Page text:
Strengthening Pediatric Oncology Skills in Ghana and Cameroon
Causes of childhood cancers remain unknown, precluding prevention strategies. Thus, to improve childhood cancer survival, it is necessary to improve early diagnosis, quality of treatment, and access to that treatment.
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Childhood cancer is highly curable. In high-income countries such as the UK, 84% of children who develop cancer survive. Yet chances of survival are under 30% for children in Ghana, and under 15% for children in Cameroon. According to the World Health Organization (WHO), each year an estimated 1,525 children aged 0-14 develop cancer in Ghana, and 1,390 children develop cancer in Cameroon. Too many of these children die unnecessarily when they could be treated at a relatively low cost.
The need for our intervention for oncology HCPs in Cameroon and Ghana
Causes of childhood cancers remain unknown, precluding prevention strategies. Thus, to improve childhood cancer survival, it is necessary to improve early diagnosis, quality of treatment, and access to that treatment. We are currently working with experienced partners to deliver specialist paediatric oncology training programmes to qualify paediatric oncologists, which will have positive impact across West Africa. This proposed project aims to help fill other gaps in paediatric oncology training provision, with a focus on training frontline healthcare workers to recognise early warning signs of childhood cancer; training oncology nurses in paediatric oncology, and training of healthcare professionals in palliative care for children with cancer. Improved basic care and early diagnosis/referral will significantly impact survival outcomes. Much of this can be achieved by better trained staff at each level of the healthcare system. 1) Diagnosis 2) Specialist oncology skills to improve quality of treatment 3) Palliative care training to improve services for children with cancer.
The programme’s ultimate goal is to help improve equitable access to higher-quality treatment and care for children with cancer in Cameroon and Ghana. This will be achieved through strengthening the capacity of healthcare professionals both working in paediatric oncology services, and those on the ‘frontline’ of medical care who are responsible for making referrals. We will:
- Improve 1,265 primary healthcare workers’ capacity to recognise early warning signs of childhood cancer and know how to make appropriate quick referrals for further investigation and diagnosis. By ensuring more children are referred, and quickly, we will increase the numbers reaching treatment at an earlier stage of illness, when chances of survival are greater and treatment can often be shorter and less aggressive, which is likely to reduce disability.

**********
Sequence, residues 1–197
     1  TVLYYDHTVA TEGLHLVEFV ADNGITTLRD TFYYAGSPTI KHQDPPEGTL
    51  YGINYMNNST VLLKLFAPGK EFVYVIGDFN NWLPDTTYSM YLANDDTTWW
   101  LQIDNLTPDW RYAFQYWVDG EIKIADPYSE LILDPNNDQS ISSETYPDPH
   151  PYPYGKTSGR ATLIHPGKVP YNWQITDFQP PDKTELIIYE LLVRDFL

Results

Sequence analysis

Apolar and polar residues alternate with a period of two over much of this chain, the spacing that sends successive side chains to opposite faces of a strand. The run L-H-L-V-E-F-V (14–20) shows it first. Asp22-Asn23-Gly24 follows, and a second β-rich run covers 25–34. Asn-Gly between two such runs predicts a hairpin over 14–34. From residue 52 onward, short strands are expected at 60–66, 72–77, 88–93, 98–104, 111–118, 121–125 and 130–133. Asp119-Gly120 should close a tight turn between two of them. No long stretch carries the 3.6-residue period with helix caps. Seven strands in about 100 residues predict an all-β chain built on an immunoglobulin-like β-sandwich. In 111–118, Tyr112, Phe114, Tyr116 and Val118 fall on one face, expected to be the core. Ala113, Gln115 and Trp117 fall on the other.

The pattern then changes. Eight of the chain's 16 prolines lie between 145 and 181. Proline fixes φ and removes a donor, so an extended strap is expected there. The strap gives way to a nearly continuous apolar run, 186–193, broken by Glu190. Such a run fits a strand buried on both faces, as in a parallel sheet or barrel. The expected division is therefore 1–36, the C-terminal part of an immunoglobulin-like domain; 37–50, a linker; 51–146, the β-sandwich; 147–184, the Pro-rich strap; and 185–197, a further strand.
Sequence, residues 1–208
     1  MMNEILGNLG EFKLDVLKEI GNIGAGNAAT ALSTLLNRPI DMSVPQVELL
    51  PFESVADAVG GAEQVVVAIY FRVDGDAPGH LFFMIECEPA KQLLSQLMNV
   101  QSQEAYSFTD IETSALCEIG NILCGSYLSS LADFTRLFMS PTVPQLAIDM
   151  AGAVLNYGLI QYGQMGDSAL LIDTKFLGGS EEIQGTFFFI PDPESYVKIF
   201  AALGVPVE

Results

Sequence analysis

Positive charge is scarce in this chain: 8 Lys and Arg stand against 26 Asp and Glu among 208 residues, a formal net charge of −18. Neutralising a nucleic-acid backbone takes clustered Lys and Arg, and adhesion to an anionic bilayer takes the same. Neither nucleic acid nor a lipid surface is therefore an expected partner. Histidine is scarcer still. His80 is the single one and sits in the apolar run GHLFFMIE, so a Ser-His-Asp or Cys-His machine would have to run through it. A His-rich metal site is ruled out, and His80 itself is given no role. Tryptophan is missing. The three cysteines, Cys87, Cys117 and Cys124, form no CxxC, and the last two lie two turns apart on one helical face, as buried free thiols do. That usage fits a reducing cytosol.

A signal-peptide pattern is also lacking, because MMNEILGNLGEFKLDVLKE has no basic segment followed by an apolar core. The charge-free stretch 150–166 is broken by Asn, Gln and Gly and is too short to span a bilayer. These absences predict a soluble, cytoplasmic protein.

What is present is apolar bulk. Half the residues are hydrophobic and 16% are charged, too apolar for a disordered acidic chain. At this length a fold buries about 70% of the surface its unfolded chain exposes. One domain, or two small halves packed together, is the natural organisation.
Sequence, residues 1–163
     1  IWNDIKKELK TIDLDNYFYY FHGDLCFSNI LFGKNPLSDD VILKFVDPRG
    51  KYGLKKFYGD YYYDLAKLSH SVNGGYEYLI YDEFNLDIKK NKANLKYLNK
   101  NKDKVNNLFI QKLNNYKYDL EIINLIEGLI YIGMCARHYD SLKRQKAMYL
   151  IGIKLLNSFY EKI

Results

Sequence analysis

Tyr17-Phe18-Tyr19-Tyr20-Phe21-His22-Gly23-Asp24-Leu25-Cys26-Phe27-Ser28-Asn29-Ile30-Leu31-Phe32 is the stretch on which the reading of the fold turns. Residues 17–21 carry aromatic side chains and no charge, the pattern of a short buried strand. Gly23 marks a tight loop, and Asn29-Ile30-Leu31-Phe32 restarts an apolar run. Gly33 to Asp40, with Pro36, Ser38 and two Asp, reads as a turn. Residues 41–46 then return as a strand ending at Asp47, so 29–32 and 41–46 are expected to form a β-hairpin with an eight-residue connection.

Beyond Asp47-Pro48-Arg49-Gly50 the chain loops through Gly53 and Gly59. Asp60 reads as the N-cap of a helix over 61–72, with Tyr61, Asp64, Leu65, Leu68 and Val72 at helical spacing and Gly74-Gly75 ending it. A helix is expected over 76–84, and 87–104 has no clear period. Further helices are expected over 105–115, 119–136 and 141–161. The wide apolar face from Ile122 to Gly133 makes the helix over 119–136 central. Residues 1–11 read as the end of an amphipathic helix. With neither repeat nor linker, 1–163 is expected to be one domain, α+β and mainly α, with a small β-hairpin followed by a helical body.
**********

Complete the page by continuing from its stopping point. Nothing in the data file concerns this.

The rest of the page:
- Improve 20 oncology nurses’ knowledge and skills in specialist paediatric oncology nursing practice. With few specialist oncologist doctors available, the role of oncology nurses is pivotal and their improved skills will contribute to improve outcomes for the children with cancer they look after.
- Improve 30 healthcare professionals’ capacity on palliative care for children with cancer. Training on palliative will help reduce suffering for children undergoing treatment and for those whose cancer is incurable.
Results and milestones
Improve 1,265 primary healthcare workers’ capacity to recognise early warning signs of childhood cancer: 1,142 healthcare workers have now been directly trained to date in Early Warning Signs and Symptoms (EWSS) of childhood cancer, which has equipped them with the skills to recognise, and quickly refer suspected cases. 462 were trained in Ghana, and 680 in Cameroon. In Cameroon, in consultation with the Ministry of Health, we delivered the training in the following way: doing a training of trainers for 210 senior healthcare professionals from various districts, who then trained another 470 healthcare professionals during district coordination meetings.
Improve 20 oncology nurses’ knowledge and skills in specialist paediatric oncology nursing practice in the cancer units of the CBCH Services, Cameroon: A Foundation Course in Paediatric Oncology Nursing has been finalised. 25 nurses were trained, upskilling them in early detection and referral of suspected childhood cancer cases, and in childhood cancer management and care.
Improve 30 healthcare professionals’ capacity on palliative care for children with cancer in Northern Cameroon: Training packages were refined and delivered in September to 22 nurses and 3 doctors, upskilling them in holistic care and promoting wellbeing for patients with life-limiting illness.
- Non-communicable diseases
SGDs the partnership contributes to
- 3.8: Achieve universal health coverage
- 3.C: Health workforce
Ghana Society for Pediatric Oncology
Sub Saharan Africa Nursing Network for Training
International Society of Paediatric Oncology (SIOP)
Cameroon Paediatric Oncology Group
World Child Cancer
Ghana Health Service (GHS)
Cameroon Baptist Convention Health Services (CBC)
- Childhood Cancer